Those wanting a peep into the future would have been left a shade perplexed after watching Wales in the U20s Six Nations last season.
The omens seemed bright on the strength of an away win over England and a battling home success over France. In the game against England, in particular, Gareth Williams’ side looked inventive and clever, with quick and sharp backs backing up a strong forward effort.
But the rest of the story wasn’t so bright.
A 17-7 defeat by Italy in Colwyn Bay flattered Wales and they also came unstuck 36-22 against Ireland.
They then saved their worst for last as they succumed 52-17 to Scotland at the Zipworld Stadium.
Inconsistency then — the curse of young players.
What’s it going to be in this Six Nations?
Williams is set to announce his squad next week for a tournament that will be played at the Arms Park amid the pandemic.
Here are some of the players likely to be involved.
The rangy Exeter Chiefs lock featured in a friendly for England U20s against London Irish U23s in March, raising concern that he might be slipping off Wales’ radar.
But the Welsh Rugby Union subsequently issued a statement saying they were aware of the youngster’s involvement with England in various match scenarios and the game exposure would be good for Tshiunza because of his lack of rugby owing to the pandemic.
Anyway, worries outside the union that the lock might be the subject of a poaching exercise do not appear to have substance.
When the WRU announced on social media last week that the U20s Six Nations would be played at Cardiff Arms Park this summer, Tshiunza retweeted with the message: “Lesss gooo.”
Sherlock Holmes wasn’t needed to suggest it could be an indication he’ll be lining up for Wales in the tournament.
The product of Whitchurch High School has ‘ big potentia l’ written all over him. Not only does he carry the ball well, he has handling skills and boasts physicality. Barely 20 months ago, the BBC were describing him as “one of the most sought-after teenage properties in British rugby”. The pandemic then intervened.
But Exeter have been impressed with him and he was added to their European squad this season.
Wales have high hopes for him. You can read more about Tshiunza here.
This is the multi-talented lad to whom the Scarlets handed a five-year contract in 2019, when he was a 16-year-old schoolboy in Ipswich.
Colchester United football club were also said to be interested in him.
And he was a good enough tennis player to be ranked third best in his age group in England.
Little has been heard of the St Joseph’s school product since, but, quietly, he’s been developing nicely. He’s been training with the Scarlets’ senior squad and is recently said to have caught the eye of Wayne Pivac. Not short of confidence or skill, he is said to have X-factor potential that could take him far.
The Scarlets have another emerging scrum-half talent in Luke Davies, but he has been sidelined by a shoulder injury.
Williams qualifies for Wales through his Welsh dad and left the English pathway to join the Scarlets.
Blessed with a fast pass and an eye for a gap, he’s a youngster we will hear more about.
He’s just turned 20 but the loosehead prop has already taken the field three times for the Ospreys. When he came on with 25 minutes left against Leinster in Dublin, he achieved a key turnover that helped win Toby Booth’s side the game.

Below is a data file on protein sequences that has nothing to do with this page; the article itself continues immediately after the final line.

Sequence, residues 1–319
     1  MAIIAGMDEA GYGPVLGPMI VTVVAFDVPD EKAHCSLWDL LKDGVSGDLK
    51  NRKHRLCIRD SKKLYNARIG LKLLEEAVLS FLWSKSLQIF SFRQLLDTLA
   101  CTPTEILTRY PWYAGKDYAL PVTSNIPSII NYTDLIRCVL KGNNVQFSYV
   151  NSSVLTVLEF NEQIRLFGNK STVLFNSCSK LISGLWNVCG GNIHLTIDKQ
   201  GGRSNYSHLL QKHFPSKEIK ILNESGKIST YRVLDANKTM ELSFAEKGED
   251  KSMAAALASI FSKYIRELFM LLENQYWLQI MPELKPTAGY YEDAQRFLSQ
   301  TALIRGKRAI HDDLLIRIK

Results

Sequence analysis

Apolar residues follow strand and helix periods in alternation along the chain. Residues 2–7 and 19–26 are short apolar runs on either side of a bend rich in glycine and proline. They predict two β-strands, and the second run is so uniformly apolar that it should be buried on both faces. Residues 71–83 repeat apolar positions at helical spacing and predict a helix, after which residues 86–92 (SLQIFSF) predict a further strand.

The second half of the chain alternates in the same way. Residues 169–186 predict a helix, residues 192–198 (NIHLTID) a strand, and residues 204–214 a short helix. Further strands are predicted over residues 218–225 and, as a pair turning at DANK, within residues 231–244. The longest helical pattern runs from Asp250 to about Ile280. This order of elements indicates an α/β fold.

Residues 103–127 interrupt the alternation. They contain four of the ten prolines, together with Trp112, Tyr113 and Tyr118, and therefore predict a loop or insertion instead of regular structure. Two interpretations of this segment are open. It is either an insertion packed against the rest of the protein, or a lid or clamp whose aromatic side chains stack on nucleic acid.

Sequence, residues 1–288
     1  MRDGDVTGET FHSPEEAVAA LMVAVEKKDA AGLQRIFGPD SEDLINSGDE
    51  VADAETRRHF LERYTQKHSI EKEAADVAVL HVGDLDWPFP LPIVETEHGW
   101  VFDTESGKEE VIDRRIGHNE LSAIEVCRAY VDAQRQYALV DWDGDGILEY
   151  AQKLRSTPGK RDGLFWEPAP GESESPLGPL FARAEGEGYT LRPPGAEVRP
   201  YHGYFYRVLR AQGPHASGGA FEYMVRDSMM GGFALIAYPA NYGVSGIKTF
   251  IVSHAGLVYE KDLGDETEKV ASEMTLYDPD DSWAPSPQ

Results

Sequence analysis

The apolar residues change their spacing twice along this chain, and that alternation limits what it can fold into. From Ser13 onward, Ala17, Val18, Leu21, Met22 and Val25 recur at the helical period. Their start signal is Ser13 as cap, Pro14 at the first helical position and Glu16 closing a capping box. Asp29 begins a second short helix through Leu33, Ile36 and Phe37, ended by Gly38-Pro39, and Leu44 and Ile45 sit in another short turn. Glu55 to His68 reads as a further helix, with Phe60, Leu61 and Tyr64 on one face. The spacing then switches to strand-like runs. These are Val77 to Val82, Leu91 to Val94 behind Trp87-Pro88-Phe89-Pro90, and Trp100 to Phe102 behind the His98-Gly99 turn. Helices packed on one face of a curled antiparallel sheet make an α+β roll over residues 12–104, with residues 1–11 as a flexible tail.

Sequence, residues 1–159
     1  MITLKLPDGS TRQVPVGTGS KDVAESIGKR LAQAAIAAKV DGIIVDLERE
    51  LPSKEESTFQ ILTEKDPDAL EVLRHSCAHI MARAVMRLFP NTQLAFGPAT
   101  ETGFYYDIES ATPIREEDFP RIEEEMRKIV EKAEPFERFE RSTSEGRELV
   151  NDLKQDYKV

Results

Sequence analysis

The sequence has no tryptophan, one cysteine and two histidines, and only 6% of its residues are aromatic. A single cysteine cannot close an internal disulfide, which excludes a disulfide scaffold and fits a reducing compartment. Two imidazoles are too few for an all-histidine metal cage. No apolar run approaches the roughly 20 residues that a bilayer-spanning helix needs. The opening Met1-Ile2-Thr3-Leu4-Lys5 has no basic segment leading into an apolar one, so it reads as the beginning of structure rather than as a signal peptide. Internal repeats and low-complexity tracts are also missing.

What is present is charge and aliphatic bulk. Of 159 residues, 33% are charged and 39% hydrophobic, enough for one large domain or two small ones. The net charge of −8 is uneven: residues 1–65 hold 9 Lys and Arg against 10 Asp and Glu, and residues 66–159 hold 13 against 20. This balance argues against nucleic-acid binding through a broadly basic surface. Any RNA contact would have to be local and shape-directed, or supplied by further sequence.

The 6ft, 17st 4lb product of Ysgol Gyfun Rhydywaun in the Rhondda can also scrummage.
Under Duncan Jones tutelage at the Ospreys, he’s showing all the right signs.
The Scarlets have been bringing the 19-year-old through at the right pace, not expecting too much too soon. The focus of much attention at a young age, the former Sedbergh schoolboy has immense power as a carrier and crashed through tackles for fun in junior rugby, earning himself a reputation as a battering ram.
The senior game is a huge step up, with altogether different challenges for a young forward, but Tuipulotu has played four times already for the Scarlets and has the raw potential to come through if he continues to apply himself.
He’s only 18, but he’s a powerful specimen who fronted up against Jamie Roberts and Nick Tompkins earlier this year. Summoned from the Ospreys’ bench against the Dragons after 26 minutes, the 6ft, 15st 6lb centre helped keep the pair in check and also made headway with ball in hand.
His solidly helped the Liberty Stadium team achieve a 28-20 victory.
The son of former Aberavon RFC centre David Hawkins, he has a big boot on him and is viewed as a player with the scope to establish himself.
The hooker is a former Wales U-18s captain who’s now operating out of Exeter Chiefs having initially headed for Millfield School.
Burrows started his journey with the Ospreys.
He only turned 19 this month, but he’s on a four-year deal with Exeter and is thought highly of.
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Paul John’s son is on Exeter Chiefs’ books as well.
The versatile youngster, who can play at wing, centre, full-back or fly-half, is quick and skilful.
He’s already played for Exeter.
It’s unclear whether Wales will use players like Sam Costelow and Ben Carter, both of whom have made strides on the senior scene this term, and it will be interesting to see whether they call up John.
But he has a lot to offer.